The field of Human Computer Interaction (HCI) has traditionally focused on the usability of a system, but as increasing numbers of interactive products become entwined in our daily lives, so does the opportunity to understand user impacts that reach beyond usability. In particular, interaction design, a subdomain of HCI, expands the focus of HCI by looking at the aesthetic impacts a system may have on user emotions. Curiosity is one such emotion that tends to induce information-seeking and motivational behaviors. An experimental study was undertaken to determine whether an interactive, front-end graphic that incorporated curiosity principles in its design would sufficiently pique a participating university faculty’s curiosity to interact with the graphic, and thereafter, with an existing platform named George that was developed to motivate faculty to engage in collaborative behavior. George includes capabilities for creating and storing individual faculty trading cards that include the faculty’s photograph, personal interests, research interests, and publication domains. The experimental graphic provided interactive capabilities to incrementally reveal segments of the photograph and to acquire information about the faculty’s research profile. The number of a study participant’s interactions with the graphic was limited by software. The data collected included the location and frequency of interactions with the graphic, and whether participants ultimately accessed the George platform. Statistically significant evidence demonstrated that the curiosity-provoking principles motivated interaction with the graphic, and that participants were also motivated to access George.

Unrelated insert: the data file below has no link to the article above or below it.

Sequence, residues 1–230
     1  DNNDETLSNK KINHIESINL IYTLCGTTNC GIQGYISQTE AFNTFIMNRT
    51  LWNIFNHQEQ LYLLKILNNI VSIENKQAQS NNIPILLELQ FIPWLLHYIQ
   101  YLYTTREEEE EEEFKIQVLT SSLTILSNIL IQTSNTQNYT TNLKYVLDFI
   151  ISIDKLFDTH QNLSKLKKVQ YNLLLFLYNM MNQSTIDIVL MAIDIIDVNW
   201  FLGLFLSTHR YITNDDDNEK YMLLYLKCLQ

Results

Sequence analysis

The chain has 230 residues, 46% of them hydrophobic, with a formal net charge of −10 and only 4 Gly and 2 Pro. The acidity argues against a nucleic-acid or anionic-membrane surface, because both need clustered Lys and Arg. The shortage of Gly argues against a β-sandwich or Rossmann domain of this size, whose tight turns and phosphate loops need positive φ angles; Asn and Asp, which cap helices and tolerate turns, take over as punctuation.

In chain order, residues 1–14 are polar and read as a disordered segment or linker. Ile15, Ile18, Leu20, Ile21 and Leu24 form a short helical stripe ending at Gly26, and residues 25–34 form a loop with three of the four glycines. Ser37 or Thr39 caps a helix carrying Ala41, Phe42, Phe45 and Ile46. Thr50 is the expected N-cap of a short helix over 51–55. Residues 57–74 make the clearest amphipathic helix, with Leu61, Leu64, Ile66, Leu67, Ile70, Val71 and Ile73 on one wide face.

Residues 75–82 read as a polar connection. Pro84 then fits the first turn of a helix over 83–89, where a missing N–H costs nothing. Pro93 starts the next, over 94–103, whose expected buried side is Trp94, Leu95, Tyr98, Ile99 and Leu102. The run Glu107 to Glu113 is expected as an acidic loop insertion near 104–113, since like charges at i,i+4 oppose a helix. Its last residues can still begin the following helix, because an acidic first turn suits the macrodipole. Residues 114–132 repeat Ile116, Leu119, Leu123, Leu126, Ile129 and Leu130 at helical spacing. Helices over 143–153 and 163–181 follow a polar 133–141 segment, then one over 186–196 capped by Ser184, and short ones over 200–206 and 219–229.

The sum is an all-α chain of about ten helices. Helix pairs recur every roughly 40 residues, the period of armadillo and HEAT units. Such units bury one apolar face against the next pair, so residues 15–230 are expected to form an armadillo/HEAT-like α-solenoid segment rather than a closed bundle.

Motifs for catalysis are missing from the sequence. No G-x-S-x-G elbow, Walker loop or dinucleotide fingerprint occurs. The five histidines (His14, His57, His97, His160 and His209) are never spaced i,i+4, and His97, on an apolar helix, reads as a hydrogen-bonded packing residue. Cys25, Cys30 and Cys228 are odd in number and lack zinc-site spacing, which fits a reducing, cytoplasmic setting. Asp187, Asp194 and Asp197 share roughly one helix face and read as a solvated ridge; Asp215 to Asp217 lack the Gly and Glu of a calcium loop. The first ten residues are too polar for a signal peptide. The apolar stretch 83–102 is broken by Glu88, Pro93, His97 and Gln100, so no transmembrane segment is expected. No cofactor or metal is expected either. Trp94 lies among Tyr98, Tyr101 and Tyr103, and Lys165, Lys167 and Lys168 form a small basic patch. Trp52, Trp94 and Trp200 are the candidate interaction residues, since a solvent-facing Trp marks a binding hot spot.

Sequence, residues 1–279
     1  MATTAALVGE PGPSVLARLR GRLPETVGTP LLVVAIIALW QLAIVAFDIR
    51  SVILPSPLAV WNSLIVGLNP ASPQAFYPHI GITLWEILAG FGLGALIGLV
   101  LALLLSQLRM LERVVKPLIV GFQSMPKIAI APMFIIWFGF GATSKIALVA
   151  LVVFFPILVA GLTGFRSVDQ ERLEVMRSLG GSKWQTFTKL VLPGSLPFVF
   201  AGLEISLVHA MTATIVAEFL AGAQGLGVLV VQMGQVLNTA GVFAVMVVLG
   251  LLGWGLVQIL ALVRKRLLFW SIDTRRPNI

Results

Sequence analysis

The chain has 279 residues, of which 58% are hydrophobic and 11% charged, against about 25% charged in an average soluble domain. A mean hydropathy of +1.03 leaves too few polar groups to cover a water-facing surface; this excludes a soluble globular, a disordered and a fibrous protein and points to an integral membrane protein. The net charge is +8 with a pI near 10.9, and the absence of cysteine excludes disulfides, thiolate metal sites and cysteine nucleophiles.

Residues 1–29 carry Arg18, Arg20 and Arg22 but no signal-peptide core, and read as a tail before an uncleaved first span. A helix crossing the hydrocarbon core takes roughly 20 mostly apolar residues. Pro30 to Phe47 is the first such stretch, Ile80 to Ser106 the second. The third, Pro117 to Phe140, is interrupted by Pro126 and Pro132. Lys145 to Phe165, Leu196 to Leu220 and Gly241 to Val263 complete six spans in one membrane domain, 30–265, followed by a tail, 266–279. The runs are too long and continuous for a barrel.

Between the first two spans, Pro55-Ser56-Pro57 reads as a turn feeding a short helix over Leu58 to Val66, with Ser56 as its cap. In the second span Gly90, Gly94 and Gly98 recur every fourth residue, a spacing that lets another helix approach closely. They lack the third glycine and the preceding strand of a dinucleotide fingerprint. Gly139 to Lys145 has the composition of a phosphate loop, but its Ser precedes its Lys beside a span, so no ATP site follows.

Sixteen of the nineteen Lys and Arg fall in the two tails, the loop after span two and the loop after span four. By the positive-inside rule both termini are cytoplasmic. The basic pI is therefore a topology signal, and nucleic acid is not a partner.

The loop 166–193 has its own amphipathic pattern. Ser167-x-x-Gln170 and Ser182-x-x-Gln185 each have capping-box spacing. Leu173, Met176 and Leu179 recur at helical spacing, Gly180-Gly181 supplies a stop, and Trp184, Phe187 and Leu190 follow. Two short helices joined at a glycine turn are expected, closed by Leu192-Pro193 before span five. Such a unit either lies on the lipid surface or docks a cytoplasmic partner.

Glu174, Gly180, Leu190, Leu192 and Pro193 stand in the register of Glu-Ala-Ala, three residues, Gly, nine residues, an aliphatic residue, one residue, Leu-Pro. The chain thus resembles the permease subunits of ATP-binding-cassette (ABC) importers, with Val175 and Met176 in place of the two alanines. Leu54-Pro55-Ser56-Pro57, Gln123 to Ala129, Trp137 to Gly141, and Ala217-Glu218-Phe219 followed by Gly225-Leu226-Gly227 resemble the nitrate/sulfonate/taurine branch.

Human-Computer Interaction (MS)
Department, Program, or Center
Information Sciences and Technologies (GCCIS)
Jeff A. Lasky
Montambeau, Elaine Carole, "Design for Curiosity: A Study of Visual Design Elements, Interaction, and Motivation" (2018). Thesis. Rochester Institute of Technology. Accessed from
RIT – Main Campus